“The diagnosis changed our lives,” said Peña, who lives in Camarillo with Diego and her husband, Damien. “We were immediately immersed into navigating the maze of services — medical, behavioral, speech and so forth.”
The most difficult obstacle for Diego was his communication, she said.
“Without speech, he could not demonstrate his intelligence to others until we discovered communication apps on the iPad,” said Peña. “We fought for Diego to be included in general education even before he had a reliable means to communicate.”
When Diego was 6 years old, his parents started to realize that the boy was extremely gifted.
“By then, he had learned to spell out his responses on a laminated letter board and was beginning to type on a Bluetooth keyboard,” Peña said. “Here was a 6-year-old, nonspeaking boy who spelled letter by letter about his concerns for social justice, peace and autistic rights.”
As parents, “We panicked a bit,” she continued. “How do you nurture the cognitive and emotional development of a young child who is both severely affected by autism — and in many ways, brighter beyond our wildest imagination?”
With that, “We started to read more literature and research on twice exceptional learners, those who are both disabled and gifted,” Peña said. “This helped us wrap our minds around understanding Diego and supporting him.”
After a few years, “we decided to make a concerted effort to surround Diego with a team of therapists and teachers who focused on his strengths, interests, and potential,” Peña said. “Rancho Rosal Elementary School has provided an outstanding culture of support to a unique learner like Diego.”
This past Thanksgiving, Diego expressed his thoughts for a school project.
“I am thankful for my communication,” he wrote. “I was born without a voice but was given one through alternative ways.”
When he grows up, he wrote that he wants to be an “autistic self advocate and entrepreneur.”
“I’m inspired by people who stand up to injustice,” Diego added. “Gives me courage to fight like a lion for autistics every day.”
Born to dance
Although she was born with a disorder that affects the use of her muscles, Jessica Clay is making great strides as a performing arts major at California State University, Channel Islands.
“Most of my muscles are affected, either by being too tight or not working good enough,” said Clay, 20, of Ventura, who was born with cerebral palsy and uses a power wheelchair to get around.
“Since I was born with it, this is all I know for myself,” she said. “I don’t dwell on the things I can’t do — if I want to do something I will figure out a way to do it.”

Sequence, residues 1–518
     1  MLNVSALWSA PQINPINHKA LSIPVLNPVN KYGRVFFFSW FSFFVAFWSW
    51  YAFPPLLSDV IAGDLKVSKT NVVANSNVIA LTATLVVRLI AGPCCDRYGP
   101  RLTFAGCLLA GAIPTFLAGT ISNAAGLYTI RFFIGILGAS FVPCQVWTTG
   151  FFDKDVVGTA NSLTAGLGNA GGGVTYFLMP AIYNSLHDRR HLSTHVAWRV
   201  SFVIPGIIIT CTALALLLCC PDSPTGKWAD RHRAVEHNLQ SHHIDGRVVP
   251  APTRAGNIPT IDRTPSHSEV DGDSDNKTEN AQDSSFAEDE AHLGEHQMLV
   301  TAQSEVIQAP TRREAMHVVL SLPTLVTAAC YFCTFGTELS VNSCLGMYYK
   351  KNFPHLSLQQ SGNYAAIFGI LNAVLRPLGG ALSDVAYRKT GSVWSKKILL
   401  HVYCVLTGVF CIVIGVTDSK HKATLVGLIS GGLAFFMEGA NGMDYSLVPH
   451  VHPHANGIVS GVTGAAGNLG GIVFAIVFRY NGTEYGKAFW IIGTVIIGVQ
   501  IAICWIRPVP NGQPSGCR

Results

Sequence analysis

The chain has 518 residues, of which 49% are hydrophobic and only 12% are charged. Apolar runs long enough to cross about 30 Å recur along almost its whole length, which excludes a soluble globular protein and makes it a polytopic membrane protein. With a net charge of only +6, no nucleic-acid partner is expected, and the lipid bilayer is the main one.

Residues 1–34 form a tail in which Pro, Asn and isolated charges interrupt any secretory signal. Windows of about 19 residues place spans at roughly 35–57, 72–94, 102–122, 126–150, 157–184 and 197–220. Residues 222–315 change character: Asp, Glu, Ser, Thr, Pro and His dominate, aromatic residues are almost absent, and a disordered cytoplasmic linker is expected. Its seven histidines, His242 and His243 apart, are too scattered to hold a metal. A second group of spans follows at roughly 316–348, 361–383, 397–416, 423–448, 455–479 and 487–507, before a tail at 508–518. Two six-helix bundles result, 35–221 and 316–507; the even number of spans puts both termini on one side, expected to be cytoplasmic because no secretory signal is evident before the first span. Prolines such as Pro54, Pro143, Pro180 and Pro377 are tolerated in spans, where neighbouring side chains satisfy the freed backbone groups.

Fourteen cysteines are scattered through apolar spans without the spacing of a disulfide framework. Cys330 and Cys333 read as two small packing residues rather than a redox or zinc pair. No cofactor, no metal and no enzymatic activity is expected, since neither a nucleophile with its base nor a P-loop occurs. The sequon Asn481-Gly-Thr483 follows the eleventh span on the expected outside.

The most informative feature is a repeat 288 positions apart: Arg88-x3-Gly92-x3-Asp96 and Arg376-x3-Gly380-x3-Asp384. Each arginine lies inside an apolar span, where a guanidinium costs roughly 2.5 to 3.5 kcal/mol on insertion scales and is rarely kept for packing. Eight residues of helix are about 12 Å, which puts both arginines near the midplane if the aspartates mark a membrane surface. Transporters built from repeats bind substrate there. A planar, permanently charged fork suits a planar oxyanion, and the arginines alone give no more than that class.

Clay just transferred from Ventura College, and enrolled at CSUCI as a junior this fall. She came in as a performing arts major with an emphasis in dance, and just added political science as another major.
At CSUCI, she is involved in integrated dance, which she describes as “a dance that includes people with and without disability.”
“For me, not only do I love to dance, but it is a chance to educate and change people’s perception of dance and disabilities,” Clay said.
Through integrative dance, “We can get really creative because sometimes the typical dance move, like an arabesque — a ballet move where a dancer will stand on one leg and extend the other leg behind them — may even be performed standing on the back of the wheelchair while moving,” she said.
The choreography timing is challenging, she said, “because you are working with a piece of equipment that, for example, does not turn as fast as a dancer may spin.”
“There are a lot of things that make this a unique dance to perform,” Clay said. “It is really fun, challenging and creative to come up with a piece, but at the end you have a unique dance that, no matter what your abilities are, everyone on that stage is a dancer.”
In addition to dancing at CSUCI, Clay also dances at the Camarillo Academy of Performing Arts, and recently performed a dance for Disability Awareness with dancers from Moorpark College.
“Dance has given me guidance and a direction to go in my life, with something I am passionate about,” Clay said. “When I first started at 9, it was just something really fun to do. When I got more serious about it I was in high school and I realized it was something I wanted to really pursue. I loved the thought of dancing and creating some social change at the same time.”
For Clay, dancing is a catalyst to create social change by raising awareness.
“Cerebral palsy is a disorder that affects the muscles, because the part of the brain that controls the muscles has been damaged,” explained Clay, noting that this occurs around the time of birth, and can vary from person to person.
In her experience, “I feel like a lot of people talk to my mom, friends or caregiver before they talk to me, even if the question is for me. They are not sure I can understand or can speak. I don’t have any mental challenges and can speak for myself. I understand people can be unsure, and that is why I am always open to questions.”
Aside from dancing, Clay loves hanging out with her friends, listening to music, horseback riding and traveling.
In the future, “I want to be able to advocate for equality for everyone, especially people with disabilities.”
Meanwhile, because she loves to dance, “This gives me a way to advocate for much-needed social change at the same time, to open people’s minds and hearts,” Clay said.
“This is why I am majoring in performing arts with an emphasis in dance,” she said. “I decided to add my political science major because I do want to learn about all the different processes and diversity behind the different laws … so I can understand and better educate myself, and do a better job at advocating and looking at social movements.”
Looking back on her success so far, Clay said her best accomplishments were winning two national awards for the PTA Reflections for Arts Program for Choreography in the Special Artists Division. She was also invited to perform at the Department of Education in Washington, D.C., and Austin, Texas.
“These experiences made me realize that dancing and educating is what I want to do for the rest of my life,” Clay said.